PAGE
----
• Nearly all societies have their heroines. Mine include Harriet Tubman, who led slaves to freedom along the underground railroad, Madame CJ Walker, who, born of slaves and orphaned at 7 years old, went on to become the first black woman millionaire and Fannie Lou Hamer, the famous civil rights activists. By no means diminishing the importance of the work that the three Cuban women, who made brilliant contributions for the three years of the Castro revolution, all of these women struggled their entire lives against overt racism and oppression. To call these three Cubans the greatest female guerrilla fighters ever is probably an exaggeration.

  • Not exactly. I know enough about Celia to known she would be happy today about her main mission in life, which was to make and keep Cuba a soverelgn nation. She would be sad about what you and others so gutlessly take so much pleasue in, such as “building collapses” on the island that seem to vicariously give you so much joy. Such attitudes, as well as Cubana Flight 455, the embargo, etc., keep reminding me how right she was and how proud she would be of her revolution. Of course, the Castro Cottage Industry in the U. S. can’t make money or power-grabs vilifying her, right, Moses? Is that why you try to demean or dismiss her? At one point Batista and Lansky also made fun of her, but they didnt hang around to fight her or the rebel unit led by Tete Puebla, who today is a general. The BBC featured her in the recent ducumentary it did on Celia. But, of course, in the U. S. no one should know about why Celia, Haydee Santamaria, and Tete were perhaps history’s three greatest female guerrilla fighters. On your next trip to Cuba, ask General Puebla what motivated her. I did and I suggested to Linda Presley, the BBC producer who called me from London before flying to Cuba, to be sure to interview Tete, which she did, because Tete fought with Celia and stayed in close contact with her the rest of Celia’s life. NOW I’m happy, unless you sanctimoniously claim, for example, there was never a famed teenage guerrilla fighter named Tete Puebla who is now a general in the Cuba army.

  • If what you say is true, that Sra. Sánchez was pro-democracy, then she wasn’t as good at convincing Fidel as you suggests. Indeed, he may have deferred to her decision-making on the lesser matters of state but history has solidly recorded his personal decisions regarding the major issues. Nonetheless, if you are on a mission to see to it that she gets the credit she deserves for the Cuba that exists today, go for it. Every time a building collapses or a Cuban dies at sea, I’ll think of Celia. Happy now?

  • The first time I ever saw the term “Batistianos” was in 2004 when I was in Cuba, courtesy of the George W. Bush administration, to research Celia Sanchez, the most important anti-Batista rebel as the prime recruiter of resources and rebels to fight the revolution. She was also a prime guerrilla fighter and military decision-maker during the war and then, beginning Jan. 1-1959, the top decision-maker on the island, with the full concurrence of Fidel Castro till the day she died at age 59 of cancer on Jan. 11-1980.

    I know, Moses, that the lucrative vilification of Fidel by the powerful Castro Cottage Industry in the U. S. since 1959 conveniently dismisses the 99-pound doctor’s daughter as a factor in the Cuban Revolution and Revolutionary Cuba, but in fact she was the key factor. Roberto Salas, the great photographer who, like his father, worked closely with both Fidel and Celia, wrote these words in his excellent book: “Celia made all the decisions for Cuba, the big ones and the small ones. When she died in 1980, we knew no one could ever replace her.” The most insightful authors/historians regarding the revolution — from Cuban-insiders such as Carlos Franqui, Pedro AlvarezTabio, Marta Rojas and Roberto Salas to America’s seminal Castro biographer Georgie Ann Geyer — all agree, as Geyer stated, that Celia “over-ruled” Fidel wherever and whenever she chose, and she did so frequently.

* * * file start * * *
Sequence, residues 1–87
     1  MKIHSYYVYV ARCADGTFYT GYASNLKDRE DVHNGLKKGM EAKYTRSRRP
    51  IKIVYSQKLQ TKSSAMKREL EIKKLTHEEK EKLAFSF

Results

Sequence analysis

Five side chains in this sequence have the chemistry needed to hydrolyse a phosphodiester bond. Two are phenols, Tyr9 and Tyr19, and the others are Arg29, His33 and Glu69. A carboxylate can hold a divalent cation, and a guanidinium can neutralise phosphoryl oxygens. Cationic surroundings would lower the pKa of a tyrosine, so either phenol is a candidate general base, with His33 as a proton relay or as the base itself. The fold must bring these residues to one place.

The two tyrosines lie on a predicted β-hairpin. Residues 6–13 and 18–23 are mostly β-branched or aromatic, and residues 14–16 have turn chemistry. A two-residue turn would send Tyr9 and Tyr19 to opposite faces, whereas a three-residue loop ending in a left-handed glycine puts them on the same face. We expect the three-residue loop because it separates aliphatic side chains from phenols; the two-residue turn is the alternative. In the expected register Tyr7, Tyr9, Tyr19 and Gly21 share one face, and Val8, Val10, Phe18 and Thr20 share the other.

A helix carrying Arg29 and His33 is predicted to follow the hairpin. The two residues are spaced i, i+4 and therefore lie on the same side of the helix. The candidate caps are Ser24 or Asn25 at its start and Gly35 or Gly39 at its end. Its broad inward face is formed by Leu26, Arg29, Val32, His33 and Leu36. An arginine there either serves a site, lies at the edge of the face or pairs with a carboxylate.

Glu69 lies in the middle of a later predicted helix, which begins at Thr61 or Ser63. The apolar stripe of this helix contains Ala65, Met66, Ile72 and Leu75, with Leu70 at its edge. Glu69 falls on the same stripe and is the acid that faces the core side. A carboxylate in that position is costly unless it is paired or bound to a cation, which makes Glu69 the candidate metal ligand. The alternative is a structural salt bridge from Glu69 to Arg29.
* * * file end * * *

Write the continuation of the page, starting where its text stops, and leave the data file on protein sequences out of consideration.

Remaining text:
The second most dynamic female revolutionary, right ahead of Vilma Espin, was Haydee Santamaria. In 2004 it was at Haydee’s well-known literary annex in Havana that I discovered many hand-written notes by and to Celia, especially her correspondence with Haydee and Fidel. The great author and Cuban expert Julia Sweig, in her superb book, published many of those notes verbatim. It was in several of those notes that I first saw Celia use the term “Batistianos” at least four times. During the war she was referencing the “life and death” need to beat the “Batistianos.” After the war she referenced the “life and death” need to keep the “Batistianos in Miami” from recapturing Cuba. Yes, Moses, she was a more successful revolutionary than Jose Marti and a more important revolutionary than Fidel Castro. I may be a bit old-fashioned but I believe the U. S. democracy should be strong enough to register that fact.

    This {I believe, Moses} was the second time you suggested I made up the term “Batistiano.” I am not that smart nor that motivated. Celia Sanchez was. It is also apparent to me why the Castro Cottage Industry prefers, with its almost iron-grip on the Cuban narrative in the U. S., to pretend Celia Sanchez didn’t exist. To this day, in fact, Celia Sanchez fuels my passion for Cuba because, as a democracy lover, researching her since the 1980s has convinced me that the Cuban Revolution and Revolutionary Cuba say far more about the U. S. than they say about Cuba. For example, as a lifelong conservative Republican, I was convinced by my Celia Sanchez research that right-wing Republicans aligned with Batistianos have, since the 1950s, formed an alliance that is viciously anti-democratic — as indicated by teaming with the Mafia to support Batista in 1952 and by such things as the terrorist bombing of the child-laden Cubana Flight 455 in 1976. If, Moses, you can convince me that teaming with the Mafia in Cuba from 1952 till 1959 or the bombing of Cubana Flight 455 in 1976 {etc.} were pro-democracy acts, I promise that I too will become an advocate for the Castro Cottage Industry in the U. S.